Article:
Seen only in Athens as a trio, these flags always raise questions.
Let’s take them one by one:
The one in the middle is of course the Greek flag.
Established during the Greek War of Independence (against the Ottoman Empire), the colors of the flag symbolise the sea that surrounds Greece (blue) and the purity of the fighters’ cause (white). The cross of course proclaims the fledgling nation’s Christian faith in contrast to its rulers’ Islamic one. The number of stripes is equal to the syllables of the Greek insurgents’ motto, “Liberty or death.” Not surprisingly, the flag’s layout (stripes and a symbol on the upper left corner) is reminiscent of the American flag, a country whose success against the British inspired the Greeks, who claimed their own freedom not long after the Americans.
The flag on the right is also easily recognisable: it is the flag of the European Union, of which Greece is a member state. The circle of twelve stars on the blue background symbolises unity, harmony and solidarity among the member-states.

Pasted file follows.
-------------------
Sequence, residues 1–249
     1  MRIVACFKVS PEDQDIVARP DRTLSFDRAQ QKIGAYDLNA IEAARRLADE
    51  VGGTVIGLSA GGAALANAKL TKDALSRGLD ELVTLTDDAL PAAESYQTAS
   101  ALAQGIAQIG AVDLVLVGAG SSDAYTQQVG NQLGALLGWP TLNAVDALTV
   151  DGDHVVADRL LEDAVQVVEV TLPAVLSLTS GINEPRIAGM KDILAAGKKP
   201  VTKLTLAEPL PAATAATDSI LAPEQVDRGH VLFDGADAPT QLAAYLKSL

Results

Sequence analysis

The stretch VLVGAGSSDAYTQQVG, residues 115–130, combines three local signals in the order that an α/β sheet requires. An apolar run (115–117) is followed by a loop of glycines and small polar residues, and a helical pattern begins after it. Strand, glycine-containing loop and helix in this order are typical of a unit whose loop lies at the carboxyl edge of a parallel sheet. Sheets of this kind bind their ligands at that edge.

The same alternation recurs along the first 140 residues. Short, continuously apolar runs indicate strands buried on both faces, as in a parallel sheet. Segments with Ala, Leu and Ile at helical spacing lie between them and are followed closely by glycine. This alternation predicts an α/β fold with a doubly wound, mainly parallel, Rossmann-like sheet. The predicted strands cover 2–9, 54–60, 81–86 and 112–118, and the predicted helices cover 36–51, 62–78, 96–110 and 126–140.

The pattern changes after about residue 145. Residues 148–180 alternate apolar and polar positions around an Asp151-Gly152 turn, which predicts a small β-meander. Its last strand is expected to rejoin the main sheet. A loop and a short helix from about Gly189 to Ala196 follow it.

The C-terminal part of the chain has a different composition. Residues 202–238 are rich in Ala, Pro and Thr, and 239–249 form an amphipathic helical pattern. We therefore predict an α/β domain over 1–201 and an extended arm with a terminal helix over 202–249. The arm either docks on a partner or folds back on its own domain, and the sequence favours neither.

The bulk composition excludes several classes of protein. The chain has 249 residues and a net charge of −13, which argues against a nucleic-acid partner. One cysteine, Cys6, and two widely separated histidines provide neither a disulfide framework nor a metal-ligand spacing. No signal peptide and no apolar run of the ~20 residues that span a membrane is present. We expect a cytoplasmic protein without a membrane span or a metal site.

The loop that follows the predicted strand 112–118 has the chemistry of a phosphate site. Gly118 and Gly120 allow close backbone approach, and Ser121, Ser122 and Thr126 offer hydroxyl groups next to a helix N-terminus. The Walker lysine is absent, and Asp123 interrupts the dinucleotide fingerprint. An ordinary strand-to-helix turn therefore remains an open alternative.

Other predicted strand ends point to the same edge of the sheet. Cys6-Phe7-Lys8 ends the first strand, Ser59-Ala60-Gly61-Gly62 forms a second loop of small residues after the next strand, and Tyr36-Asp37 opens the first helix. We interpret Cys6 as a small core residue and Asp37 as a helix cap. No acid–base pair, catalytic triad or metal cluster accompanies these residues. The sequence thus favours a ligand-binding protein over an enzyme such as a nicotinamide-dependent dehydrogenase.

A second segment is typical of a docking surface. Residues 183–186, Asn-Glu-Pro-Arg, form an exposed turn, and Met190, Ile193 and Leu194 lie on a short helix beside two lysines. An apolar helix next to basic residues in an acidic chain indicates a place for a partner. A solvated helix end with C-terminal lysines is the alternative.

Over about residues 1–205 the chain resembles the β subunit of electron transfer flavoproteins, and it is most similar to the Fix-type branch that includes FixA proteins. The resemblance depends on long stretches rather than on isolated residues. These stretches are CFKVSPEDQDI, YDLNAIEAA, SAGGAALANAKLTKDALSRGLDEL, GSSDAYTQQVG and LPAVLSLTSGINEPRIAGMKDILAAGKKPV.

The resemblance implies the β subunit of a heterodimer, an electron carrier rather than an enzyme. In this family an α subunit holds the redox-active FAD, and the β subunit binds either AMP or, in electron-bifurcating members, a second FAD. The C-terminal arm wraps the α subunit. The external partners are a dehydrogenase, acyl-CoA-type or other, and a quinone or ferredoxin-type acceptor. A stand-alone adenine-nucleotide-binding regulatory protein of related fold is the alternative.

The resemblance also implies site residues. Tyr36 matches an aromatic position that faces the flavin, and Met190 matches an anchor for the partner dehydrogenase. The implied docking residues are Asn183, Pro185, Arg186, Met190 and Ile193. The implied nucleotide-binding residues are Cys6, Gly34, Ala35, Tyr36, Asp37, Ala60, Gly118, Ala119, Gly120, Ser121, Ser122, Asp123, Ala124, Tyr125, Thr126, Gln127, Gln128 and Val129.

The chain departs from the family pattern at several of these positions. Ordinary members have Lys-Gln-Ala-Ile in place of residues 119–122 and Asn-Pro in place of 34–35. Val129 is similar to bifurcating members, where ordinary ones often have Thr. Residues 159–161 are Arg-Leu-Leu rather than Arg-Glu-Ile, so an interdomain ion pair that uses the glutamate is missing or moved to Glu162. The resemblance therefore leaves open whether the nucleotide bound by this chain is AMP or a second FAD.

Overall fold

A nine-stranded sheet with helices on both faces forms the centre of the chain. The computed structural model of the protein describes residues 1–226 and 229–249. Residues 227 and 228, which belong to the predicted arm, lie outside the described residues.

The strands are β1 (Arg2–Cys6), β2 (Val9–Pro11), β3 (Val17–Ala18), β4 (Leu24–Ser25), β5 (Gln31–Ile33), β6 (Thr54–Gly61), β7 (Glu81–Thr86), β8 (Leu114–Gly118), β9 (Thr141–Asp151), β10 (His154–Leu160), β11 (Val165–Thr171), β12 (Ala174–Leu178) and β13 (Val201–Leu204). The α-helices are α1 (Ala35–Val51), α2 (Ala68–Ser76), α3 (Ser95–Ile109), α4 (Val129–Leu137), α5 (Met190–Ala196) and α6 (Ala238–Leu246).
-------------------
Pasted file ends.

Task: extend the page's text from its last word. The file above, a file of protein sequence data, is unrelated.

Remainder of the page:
The least known flag and the one that raises all the questions is the one on the left. It is the flag of the city of Athens. Looking deceptively old-fashioned, it was in fact introduced as recently as 2001, by a Mayor with a penchant for history (he was, after all, the man who signed a cease-fire with Sparta, 25 centuries after the end of the Peloponnesian war). The flag can be seen everywhere in the city but its design and concept have become a target of criticism by many. Some object to the irrationality of ancient godess Athena on a Christian cross, while others claim that the design is much too similar with the emblems of the Greek police and a local extremist right-wing party. They may have a point, but I don’t see the new mayor ordering new flags any time soon. Let’s not forget, this is a time of crisis.